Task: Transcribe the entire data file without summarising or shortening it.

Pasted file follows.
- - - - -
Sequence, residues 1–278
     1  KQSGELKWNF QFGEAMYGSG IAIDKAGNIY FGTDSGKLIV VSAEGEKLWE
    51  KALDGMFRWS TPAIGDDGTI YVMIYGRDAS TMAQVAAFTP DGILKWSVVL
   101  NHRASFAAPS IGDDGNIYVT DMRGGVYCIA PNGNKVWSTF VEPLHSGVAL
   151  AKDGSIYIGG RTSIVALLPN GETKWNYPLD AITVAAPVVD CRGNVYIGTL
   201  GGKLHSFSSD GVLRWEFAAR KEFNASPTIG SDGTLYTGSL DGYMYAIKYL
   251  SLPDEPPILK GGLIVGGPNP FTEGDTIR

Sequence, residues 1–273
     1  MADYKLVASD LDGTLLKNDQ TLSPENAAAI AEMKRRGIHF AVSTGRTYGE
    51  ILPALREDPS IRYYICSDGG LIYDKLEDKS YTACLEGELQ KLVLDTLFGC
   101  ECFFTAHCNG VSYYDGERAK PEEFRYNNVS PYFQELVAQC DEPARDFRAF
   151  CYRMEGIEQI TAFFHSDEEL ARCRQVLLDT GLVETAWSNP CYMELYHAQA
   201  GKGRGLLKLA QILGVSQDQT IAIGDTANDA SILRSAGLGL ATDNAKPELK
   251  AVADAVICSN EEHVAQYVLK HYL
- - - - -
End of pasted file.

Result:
Sequence, residues 1–278
     1  KQSGELKWNF QFGEAMYGSG IAIDKAGNIY FGTDSGKLIV VSAEGEKLWE
    51  KALDGMFRWS TPAIGDDGTI YVMIYGRDAS TMAQVAAFTP DGILKWSVVL
   101  NHRASFAAPS IGDDGNIYVT DMRGGVYCIA PNGNKVWSTF VEPLHSGVAL
   151  AKDGSIYIGG RTSIVALLPN GETKWNYPLD AITVAAPVVD CRGNVYIGTL
   201  GGKLHSFSSD GVLRWEFAAR KEFNASPTIG SDGTLYTGSL DGYMYAIKYL
   251  SLPDEPPILK GGLIVGGPNP FTEGDTIR

Sequence, residues 1–273
     1  MADYKLVASD LDGTLLKNDQ TLSPENAAAI AEMKRRGIHF AVSTGRTYGE
    51  ILPALREDPS IRYYICSDGG LIYDKLEDKS YTACLEGELQ KLVLDTLFGC
   101  ECFFTAHCNG VSYYDGERAK PEEFRYNNVS PYFQELVAQC DEPARDFRAF
   151  CYRMEGIEQI TAFFHSDEEL ARCRQVLLDT GLVETAWSNP CYMELYHAQA
   201  GKGRGLLKLA QILGVSQDQT IAIGDTANDA SILRSAGLGL ATDNAKPELK
   251  AVADAVICSN EEHVAQYVLK HYL